West continued, "And then, all of a sudden, he walked over and he shot my baby in the face."
The African American community is also knowledgeable that there is a history of racial disparities in the application of our criminal laws — everything from the death penalty to enforcement of our drug laws. And that ends up having an impact in terms of how people interpret the case.Here Mr. Obama seems to be saying that black people don't interpret cases like this based on the evidence. Rather than examine the evidence to see whether it justifies the verdict, he's suggesting, what they do is simply consult the history of racial disparity and conclude that racism is the explanation for any verdict that fails to satisfy their hopes.
This is either a condescending insult to the intelligence of black people or it's true, in which case it belies a fundamental simplemindedness on the part of the African-American community. Is this what the president really wished to imply?
Now, this isn't to say that the African American community is naïve about the fact that African American young men are disproportionately involved in the criminal justice system; that they’re disproportionately both victims and perpetrators of violence. It’s not to make excuses for that fact — although black folks do interpret the reasons for that in a historical context. They understand that some of the violence that takes place in poor black neighborhoods around the country is born out of a very violent past in this country, and that the poverty and dysfunction that we see in those communities can be traced to a very difficult history.This is nonsense. Black crime has skyrocketed since the 1970s. Prior to that black communities experienced rates of violence much below what they are today. There is indeed a historical context for black crime, but it's not what the President wants us to believe it is. Violence in the black community has risen in almost direct proportion to black fatherlessness, and black fatherlessness is largely a result of the liberal assault on religion, the family, and the emergence of a welfare system that fosters dependency, renders fathers superfluous, and reduces men to little more than sperm donors.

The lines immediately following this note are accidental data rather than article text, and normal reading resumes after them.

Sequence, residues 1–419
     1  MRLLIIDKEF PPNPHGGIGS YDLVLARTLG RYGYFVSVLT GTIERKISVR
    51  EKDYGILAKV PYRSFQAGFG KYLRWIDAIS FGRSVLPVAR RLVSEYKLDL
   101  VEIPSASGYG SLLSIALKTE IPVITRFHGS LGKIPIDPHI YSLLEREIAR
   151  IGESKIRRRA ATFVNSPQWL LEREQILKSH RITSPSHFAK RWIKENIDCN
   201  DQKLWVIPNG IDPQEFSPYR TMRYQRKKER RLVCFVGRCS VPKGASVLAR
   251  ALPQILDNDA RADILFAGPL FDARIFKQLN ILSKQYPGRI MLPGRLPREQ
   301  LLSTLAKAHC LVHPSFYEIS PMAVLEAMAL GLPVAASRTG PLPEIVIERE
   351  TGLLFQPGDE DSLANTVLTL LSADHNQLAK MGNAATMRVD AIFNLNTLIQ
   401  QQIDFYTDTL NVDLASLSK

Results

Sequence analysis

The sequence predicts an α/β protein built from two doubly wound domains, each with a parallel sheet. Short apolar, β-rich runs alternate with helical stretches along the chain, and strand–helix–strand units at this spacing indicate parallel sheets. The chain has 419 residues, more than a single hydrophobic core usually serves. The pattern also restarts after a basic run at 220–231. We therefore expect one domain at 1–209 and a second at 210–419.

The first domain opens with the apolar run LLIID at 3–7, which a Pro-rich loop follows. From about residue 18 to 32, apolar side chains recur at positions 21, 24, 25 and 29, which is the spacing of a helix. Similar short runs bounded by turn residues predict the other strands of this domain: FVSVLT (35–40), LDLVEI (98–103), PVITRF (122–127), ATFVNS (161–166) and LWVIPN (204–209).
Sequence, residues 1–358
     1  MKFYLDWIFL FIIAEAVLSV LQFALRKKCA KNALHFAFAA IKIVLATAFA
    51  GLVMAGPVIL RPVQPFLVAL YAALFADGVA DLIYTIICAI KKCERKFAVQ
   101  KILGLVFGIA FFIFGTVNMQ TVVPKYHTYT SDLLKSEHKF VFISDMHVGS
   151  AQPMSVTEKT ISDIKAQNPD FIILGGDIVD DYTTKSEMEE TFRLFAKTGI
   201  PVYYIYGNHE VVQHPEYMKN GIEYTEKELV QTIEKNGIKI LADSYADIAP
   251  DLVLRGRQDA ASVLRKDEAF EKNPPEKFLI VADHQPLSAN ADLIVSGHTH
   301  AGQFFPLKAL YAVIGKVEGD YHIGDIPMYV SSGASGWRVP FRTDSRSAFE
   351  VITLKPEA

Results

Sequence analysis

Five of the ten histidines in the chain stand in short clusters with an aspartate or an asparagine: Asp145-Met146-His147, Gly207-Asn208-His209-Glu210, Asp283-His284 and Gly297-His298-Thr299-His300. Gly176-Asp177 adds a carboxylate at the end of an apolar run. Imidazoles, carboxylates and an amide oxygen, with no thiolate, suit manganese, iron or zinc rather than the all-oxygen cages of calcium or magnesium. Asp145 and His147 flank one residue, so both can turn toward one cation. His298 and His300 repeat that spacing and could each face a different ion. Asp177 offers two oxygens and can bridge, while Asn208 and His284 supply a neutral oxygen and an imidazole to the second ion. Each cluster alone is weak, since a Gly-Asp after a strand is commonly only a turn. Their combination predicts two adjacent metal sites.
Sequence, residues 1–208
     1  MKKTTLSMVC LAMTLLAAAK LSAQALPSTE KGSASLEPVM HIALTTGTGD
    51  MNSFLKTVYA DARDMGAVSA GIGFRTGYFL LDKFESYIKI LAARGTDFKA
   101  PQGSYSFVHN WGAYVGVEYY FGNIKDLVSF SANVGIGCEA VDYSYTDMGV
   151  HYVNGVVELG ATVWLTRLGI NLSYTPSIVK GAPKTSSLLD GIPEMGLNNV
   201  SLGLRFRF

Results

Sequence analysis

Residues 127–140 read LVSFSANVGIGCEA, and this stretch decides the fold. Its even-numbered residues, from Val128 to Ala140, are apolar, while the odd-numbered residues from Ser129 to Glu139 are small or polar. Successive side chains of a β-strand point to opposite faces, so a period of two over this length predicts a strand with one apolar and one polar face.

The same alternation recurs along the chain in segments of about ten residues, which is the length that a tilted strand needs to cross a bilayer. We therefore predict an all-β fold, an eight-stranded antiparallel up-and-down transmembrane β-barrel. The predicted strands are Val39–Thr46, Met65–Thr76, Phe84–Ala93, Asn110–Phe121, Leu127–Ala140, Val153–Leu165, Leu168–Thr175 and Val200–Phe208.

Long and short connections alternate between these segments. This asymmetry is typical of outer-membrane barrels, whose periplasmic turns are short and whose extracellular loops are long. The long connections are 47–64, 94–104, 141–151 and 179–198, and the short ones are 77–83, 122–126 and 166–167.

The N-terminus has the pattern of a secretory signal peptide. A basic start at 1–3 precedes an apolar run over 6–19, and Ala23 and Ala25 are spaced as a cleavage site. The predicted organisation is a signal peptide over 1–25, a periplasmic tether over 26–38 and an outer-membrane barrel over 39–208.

And so the fact that sometimes that’s unacknowledged adds to the frustration. And the fact that a lot of African American boys are painted with a broad brush and the excuse is given, well, there are these statistics out there that show that African American boys are more violent — using that as an excuse to then see sons treated differently causes pain.What does this even mean? Is he saying that Martin was killed because he was black? Is he saying the jury acquitted Zimmerman because those six women were all racially biased in favor of the lightest-skinned of the two parties involved? The media should insist that the President clarify what he means by this.
And that all contributes I think to a sense that if a white male teen was involved in the same kind of scenario, that, from top to bottom, both the outcome and the aftermath might have been different.I guess this is as close as the president is going to tread to declaring that the jury was racist. How else can we understand the meaning of his words? He's telling us that had the races been reversed it would have been more likely that the shooter would have been found guilty. This is just a roundabout way of asserting that the jury was racially motivated. His words are as insulting to the women who served on that panel as they are disgraceful.
I think it’s understandable that there have been demonstrations and vigils and protests, and some of that stuff is just going to have to work its way through, as long as it remains nonviolent. If I see any violence, then I will remind folks that that dishonors what happened to Trayvon Martin and his family. But beyond protests or vigils, the question is, are there some concrete things that we might be able to do.The Martin family attorney ridiculously compared Trayvon Martin, a wannabe thug, with Emmit Till and Medgar Evers. To the extent that Mr. Obama believes Martin deserves to be honored he's making a similarly absurd comparison. The President seems to imply that Martin was just an innocent bystander in the events of that fateful evening. He's ignoring what all the evidence either showed or didn't refute, that Martin initiated the violence and that Zimmerman was defending his life.